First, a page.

Chris Kenneally's "Side by Side" (2012), with the narration of Keanu Reeves (one of the producers) has such an impressive lineup of interview subjects for a documentary -- Martin Scorsese, Steven Soderbergh, Christopher Nolan, David Fincher, David Lynch, Lars Von Trier, Lana and Andy Wachowski. The documentary is an expertly assembled debate surrounding the movie industry's transition from celluloid to digital film-making. the question it poses to us : Is film dead? That is, is the photochemical film, the standard for 100 years, rapidly on its way to being replaced by digital technology? The answer, more or less at the end is a "yes."
Before getting into a detailed review, the only problem i felt with this documentary is that, if as a movie-lover you have never grasped the differences between film and digital to know what’s what, then this movie muddles more than it clarifies. There's not a moment in "Side by Side" in which one format is juxtaposed with the other. It was also shot with a digital camera.
Kenneally and Reeves, though doesn't take any firm stand on these debates, they seem to accept that most of these changes are inevitable. James Cameron, Fincher, David Lynch, George Lucas, Steven Soderbergh, Richard Rodriguez, Danny Boyle and Anthony Dodd Mantle (Boyle’s current regular Cinematographer) -- all speak on behalf of digital side. They are arguing that the film is bad, they are just saying that these digital cameras are easy to maneuver. With the 35mm camera, the film-makers had to wait a whole day for footage to be processed in order to see what they have shot.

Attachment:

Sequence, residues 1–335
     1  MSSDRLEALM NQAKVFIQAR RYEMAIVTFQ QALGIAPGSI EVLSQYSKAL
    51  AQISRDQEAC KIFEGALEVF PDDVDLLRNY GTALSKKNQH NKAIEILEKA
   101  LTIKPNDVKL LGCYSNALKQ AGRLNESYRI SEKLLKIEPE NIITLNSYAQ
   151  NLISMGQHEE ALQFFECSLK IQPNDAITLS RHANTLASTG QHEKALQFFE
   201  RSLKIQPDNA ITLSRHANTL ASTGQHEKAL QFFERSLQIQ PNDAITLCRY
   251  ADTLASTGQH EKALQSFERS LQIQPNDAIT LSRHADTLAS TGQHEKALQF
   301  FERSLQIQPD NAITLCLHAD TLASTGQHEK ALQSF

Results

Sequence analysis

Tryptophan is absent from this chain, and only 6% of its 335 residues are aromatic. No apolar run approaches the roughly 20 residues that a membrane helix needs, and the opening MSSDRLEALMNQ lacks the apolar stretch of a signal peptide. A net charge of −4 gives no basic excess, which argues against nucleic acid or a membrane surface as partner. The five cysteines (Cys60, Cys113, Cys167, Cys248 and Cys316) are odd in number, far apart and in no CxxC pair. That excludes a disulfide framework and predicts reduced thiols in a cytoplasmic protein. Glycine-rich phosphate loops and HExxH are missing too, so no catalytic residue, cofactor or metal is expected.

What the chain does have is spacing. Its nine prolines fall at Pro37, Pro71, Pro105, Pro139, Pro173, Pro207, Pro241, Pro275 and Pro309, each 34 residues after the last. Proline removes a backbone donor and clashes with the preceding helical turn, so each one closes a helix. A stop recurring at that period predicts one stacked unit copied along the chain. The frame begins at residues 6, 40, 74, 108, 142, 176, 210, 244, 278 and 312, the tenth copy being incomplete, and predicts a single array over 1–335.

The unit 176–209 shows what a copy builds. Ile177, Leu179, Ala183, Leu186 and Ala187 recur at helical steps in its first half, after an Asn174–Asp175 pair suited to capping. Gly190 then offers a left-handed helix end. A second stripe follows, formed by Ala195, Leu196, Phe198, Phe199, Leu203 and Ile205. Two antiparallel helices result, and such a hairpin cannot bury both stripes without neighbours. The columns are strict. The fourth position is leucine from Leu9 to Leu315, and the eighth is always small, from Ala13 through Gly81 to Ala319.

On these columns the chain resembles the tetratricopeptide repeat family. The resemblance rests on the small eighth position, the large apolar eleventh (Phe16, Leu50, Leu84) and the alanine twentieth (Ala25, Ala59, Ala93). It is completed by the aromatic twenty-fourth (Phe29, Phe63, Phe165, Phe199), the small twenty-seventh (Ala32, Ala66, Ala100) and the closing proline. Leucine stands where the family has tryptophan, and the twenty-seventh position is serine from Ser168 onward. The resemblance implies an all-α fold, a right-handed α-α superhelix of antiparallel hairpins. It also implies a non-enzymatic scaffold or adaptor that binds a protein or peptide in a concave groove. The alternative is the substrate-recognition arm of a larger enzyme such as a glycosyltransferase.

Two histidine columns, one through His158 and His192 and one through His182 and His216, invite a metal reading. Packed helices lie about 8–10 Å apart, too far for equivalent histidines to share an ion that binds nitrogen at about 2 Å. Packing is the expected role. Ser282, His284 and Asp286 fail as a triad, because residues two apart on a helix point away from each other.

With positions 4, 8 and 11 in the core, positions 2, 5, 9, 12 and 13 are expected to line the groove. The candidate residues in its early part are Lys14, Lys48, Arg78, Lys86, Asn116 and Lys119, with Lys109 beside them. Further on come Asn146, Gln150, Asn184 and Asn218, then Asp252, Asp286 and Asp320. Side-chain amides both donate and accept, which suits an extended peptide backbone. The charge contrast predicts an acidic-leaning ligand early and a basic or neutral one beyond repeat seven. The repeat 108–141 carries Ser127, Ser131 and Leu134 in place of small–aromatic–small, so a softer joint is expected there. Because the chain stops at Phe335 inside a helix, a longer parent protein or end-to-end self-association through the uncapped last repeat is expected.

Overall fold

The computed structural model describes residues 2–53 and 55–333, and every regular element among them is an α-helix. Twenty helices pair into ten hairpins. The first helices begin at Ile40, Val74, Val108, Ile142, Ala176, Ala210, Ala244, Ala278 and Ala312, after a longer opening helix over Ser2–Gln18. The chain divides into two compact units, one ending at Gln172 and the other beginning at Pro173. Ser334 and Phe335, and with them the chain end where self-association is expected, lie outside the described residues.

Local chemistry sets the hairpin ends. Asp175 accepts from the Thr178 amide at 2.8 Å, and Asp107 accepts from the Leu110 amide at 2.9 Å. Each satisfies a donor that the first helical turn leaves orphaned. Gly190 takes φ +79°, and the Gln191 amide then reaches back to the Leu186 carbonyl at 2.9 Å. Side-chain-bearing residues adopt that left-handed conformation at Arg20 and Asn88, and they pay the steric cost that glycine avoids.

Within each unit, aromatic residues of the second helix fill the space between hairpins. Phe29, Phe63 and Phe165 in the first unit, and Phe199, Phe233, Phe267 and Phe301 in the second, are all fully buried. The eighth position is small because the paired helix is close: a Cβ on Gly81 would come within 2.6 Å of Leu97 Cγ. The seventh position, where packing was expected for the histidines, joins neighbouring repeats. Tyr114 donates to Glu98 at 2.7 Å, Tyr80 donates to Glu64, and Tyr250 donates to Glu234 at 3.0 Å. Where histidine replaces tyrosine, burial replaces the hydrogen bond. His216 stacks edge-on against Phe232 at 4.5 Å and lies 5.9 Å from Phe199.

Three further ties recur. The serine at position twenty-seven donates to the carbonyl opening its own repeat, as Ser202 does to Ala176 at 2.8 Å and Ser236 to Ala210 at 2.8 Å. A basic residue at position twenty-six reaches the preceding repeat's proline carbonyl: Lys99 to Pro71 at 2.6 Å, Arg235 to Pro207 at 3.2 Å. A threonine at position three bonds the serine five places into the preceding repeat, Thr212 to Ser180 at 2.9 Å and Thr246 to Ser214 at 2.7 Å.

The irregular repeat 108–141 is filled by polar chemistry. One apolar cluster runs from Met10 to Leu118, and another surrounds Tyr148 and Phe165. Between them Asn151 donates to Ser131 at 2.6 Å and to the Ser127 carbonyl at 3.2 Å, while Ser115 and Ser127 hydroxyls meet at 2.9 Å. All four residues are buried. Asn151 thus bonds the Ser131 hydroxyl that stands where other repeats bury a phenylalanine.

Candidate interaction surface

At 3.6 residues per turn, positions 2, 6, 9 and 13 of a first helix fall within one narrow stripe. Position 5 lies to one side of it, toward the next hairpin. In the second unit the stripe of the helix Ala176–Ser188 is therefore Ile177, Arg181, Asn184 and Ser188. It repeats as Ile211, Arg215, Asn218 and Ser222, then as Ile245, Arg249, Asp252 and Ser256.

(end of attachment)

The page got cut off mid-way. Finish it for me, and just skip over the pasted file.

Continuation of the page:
Martin Scorsese makes a valid argument that the advancing amount of artificial world on screen (created by digital cameras) may cause viewers to process everything as fiction, without any appreciation for images captured organically. George Lucas and Cameron, the ingenious directors who have pushed the digital boundaries of storytelling makes the case for the new tools as an artistic necessity. “I wanted whatever we imagined to be something we could realize,”says Cameron. David Fincher (Se7en, Fight Club, Social Network) notes that digital advancements will never get in the way of good storytelling.
Nolan (Who vastly prefers film) and his cinematographer Wally Pfister talk about the warmth and depth film provides. They also fret that once it's gone, digital can never replace it.Whereas, Robert Rodriquez annotates that he never would have been able to make “Sin City” without digital capabilities.The Wachowski's, who embraces the changing medium, represents the movie-makers of style over substance.
We also get to know a lot about new generation high-definition cameras -- from Panavision, Arriflex, Canon, to the recent array of Red cameras. The director also takes us inside the production facilities of these companies. It may seem surprising to hear someone as old-school as Scorsese to talk about his exhilaration on working in a digital age. Although he filmed "Hugo" in digital he doesn't give a testimonial for digital. We also get to know the views of some of the greatest cinematographers -- Vittorio Storaro (Apocalypse Now, The Last Emperor), Michael Ballhaus (The Departed, Goodfellas), Ellen Kuras (Eternal Sunshine of the Spotless Mind) -- excellent editor -- Anne V. Coates(Lawrence of Arabia) and wizardly sound designer and editor Walter Murch.
"Side by Side" is a delight to watch because it brings us all onto the movie set, into the editing room and behind the camera. Watching these great film-makers talking about the art that they so obviously love is an indispensable treat for movie-lovers, all over the world.